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CDROM DATA TRANSFER RATES
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You are constantly bombarded by advertisement and solicitations about bigger, faster, better hardware and software. CDROM drives are not left behind in this race for the ultimate response time of zero. Yet, how feasible is it?

CDROM drives are simple devices that have a motor that spins the CD, means of securing said CD to the motor's axis in a way that eliminates slippage, and a IR laser diode-based reader mechanism. Information is stored on the CD in the form of a series of burn dots (produced by a higher power laser while the CD is "cut") The reader mechanism has means for moving both axially and radially to the spinning CD, in order to be able to track the information on it (just like the needle in a turntable tracking the groove on the old vinyl). This movement is achieved by electromagnets and/or a motor, which in turn are controlled by the CDROM drive's logic. In order to be able to make sense of the information stored on the CD, the CD drive has to keep its laser beam focused on the information-carrying surface of the CD at all times. Although error-correction algorithms can compensate for minute scratches, we all know that a cracked CD is only good for one thing...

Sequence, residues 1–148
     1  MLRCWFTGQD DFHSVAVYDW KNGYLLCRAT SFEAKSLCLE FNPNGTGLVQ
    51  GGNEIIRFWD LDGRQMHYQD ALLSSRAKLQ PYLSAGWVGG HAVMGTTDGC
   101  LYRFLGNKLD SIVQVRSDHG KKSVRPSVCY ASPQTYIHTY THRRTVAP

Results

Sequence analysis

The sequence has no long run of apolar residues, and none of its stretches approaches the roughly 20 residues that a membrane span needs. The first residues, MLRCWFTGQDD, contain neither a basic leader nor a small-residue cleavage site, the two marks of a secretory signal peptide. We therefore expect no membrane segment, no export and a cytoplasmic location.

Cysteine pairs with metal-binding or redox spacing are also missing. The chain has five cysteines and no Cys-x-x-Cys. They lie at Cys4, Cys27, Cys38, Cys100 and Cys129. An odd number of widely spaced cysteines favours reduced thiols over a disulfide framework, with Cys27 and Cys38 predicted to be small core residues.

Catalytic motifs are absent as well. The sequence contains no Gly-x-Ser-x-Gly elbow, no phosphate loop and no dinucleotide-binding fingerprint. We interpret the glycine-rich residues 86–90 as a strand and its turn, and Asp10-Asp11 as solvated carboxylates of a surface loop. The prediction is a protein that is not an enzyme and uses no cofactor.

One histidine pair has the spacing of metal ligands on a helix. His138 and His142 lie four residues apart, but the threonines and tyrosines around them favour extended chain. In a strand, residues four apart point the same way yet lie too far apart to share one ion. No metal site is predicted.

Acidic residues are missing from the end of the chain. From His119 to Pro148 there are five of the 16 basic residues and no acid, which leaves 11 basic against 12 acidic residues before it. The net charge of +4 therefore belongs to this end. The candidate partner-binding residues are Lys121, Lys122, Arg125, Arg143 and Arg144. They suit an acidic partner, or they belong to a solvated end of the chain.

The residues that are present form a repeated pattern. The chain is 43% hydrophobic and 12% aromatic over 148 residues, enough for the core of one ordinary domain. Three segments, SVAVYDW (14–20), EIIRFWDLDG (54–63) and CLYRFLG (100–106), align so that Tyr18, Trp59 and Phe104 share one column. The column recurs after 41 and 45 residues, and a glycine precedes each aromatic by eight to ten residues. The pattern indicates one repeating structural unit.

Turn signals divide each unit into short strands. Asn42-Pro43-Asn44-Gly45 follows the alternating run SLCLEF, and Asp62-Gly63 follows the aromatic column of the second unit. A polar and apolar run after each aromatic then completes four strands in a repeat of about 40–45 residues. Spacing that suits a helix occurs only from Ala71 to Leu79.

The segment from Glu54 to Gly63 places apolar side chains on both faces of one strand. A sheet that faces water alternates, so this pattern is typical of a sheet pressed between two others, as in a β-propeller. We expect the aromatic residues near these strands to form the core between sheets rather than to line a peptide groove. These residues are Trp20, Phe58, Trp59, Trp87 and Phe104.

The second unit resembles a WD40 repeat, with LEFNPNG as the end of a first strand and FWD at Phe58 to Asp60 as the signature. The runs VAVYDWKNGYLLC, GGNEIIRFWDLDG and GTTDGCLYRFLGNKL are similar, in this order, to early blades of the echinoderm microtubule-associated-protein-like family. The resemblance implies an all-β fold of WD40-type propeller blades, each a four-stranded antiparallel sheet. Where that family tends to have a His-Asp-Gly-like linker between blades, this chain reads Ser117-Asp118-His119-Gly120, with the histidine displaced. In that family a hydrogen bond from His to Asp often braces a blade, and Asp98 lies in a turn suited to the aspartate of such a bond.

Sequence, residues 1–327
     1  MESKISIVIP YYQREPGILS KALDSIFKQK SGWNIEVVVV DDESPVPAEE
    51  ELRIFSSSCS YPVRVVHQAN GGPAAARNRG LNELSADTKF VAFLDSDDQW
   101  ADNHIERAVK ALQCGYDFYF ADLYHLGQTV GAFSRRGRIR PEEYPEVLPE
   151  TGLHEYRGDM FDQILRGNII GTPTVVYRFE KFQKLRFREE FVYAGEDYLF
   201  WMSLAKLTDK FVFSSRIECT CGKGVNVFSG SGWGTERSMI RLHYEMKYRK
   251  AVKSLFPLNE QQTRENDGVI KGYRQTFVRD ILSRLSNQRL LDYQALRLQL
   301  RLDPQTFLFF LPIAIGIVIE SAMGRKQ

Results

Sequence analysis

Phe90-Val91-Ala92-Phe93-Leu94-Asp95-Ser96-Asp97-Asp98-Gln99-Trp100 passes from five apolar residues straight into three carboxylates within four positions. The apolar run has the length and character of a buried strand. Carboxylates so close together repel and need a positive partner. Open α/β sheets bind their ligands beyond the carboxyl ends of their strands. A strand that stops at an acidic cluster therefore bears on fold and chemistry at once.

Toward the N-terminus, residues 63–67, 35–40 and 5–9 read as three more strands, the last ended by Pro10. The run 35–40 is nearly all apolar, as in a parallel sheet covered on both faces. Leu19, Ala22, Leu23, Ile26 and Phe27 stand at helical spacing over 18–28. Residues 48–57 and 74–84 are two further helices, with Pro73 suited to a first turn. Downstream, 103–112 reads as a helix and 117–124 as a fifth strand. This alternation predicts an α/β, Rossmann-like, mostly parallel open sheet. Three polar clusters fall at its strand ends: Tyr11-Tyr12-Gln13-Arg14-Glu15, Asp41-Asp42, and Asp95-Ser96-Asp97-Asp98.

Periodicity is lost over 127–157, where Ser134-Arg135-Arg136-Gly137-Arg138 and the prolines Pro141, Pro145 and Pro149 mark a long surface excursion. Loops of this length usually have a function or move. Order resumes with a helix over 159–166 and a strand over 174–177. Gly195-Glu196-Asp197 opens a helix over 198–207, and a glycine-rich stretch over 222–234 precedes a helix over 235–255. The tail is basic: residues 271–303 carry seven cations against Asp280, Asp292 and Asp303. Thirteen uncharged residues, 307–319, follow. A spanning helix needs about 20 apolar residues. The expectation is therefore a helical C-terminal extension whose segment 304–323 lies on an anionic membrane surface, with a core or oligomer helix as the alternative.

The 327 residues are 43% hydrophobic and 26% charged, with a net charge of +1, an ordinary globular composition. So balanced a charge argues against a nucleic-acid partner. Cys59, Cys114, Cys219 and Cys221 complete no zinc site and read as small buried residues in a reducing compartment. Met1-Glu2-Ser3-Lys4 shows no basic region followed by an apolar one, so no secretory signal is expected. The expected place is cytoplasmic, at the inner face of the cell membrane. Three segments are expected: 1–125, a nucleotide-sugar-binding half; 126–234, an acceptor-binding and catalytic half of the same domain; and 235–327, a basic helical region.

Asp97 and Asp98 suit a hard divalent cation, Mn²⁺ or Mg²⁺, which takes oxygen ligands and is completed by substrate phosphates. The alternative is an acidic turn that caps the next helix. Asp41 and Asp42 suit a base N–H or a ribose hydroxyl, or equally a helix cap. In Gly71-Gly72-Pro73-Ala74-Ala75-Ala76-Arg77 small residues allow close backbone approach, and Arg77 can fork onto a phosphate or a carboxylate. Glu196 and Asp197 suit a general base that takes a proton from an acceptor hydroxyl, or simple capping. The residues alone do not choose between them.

The first ever CD readers were the so-called "single-speed" ones. (Of course, at the time we did not call them this, because we did not know what is to come) These had the data transfer rate of 150kB/sec. Then, someone made a CD reader that span the CD twice as fast, and we welcomed the "2x" CDROM drive, which, naturally, had a data transfer rate of 300kB/sec. Then, the 4x, 6x, 8x, 12x, etc. drives became available. They all spin the CD faster than the preceding generation. Doing so, the 8x drive for example had a data transfer rate of whopping 1200kB/sec -- faster than some early hard drives!

One thing that never changed was the CD -- still made of the same plastic, and in most cases using the same technology. Yet, the dynamic requirements are now much higher -- for example, the 8x CDROM drive spins the disk at 4240rpm when reading the outer tracks. Double this for the 16x CDROM drive and you need the CD spun at 8480rpm -- almost the speed of a dental drill! ... At which speed, by the way, most CDs expose one nasty feature: imbalance. CD imbalance is due to uneven distribution of the mass, which, at greater speeds causes both radial and axial forces to appear which literally shake, rattle and roll the whole mechanism. Some CDROM drives would automatically fold back to a lower speed, which halves your data transfer, of course. Some will not -- you will only get an error on your screen. But you still have your "fast" CDROM drive...

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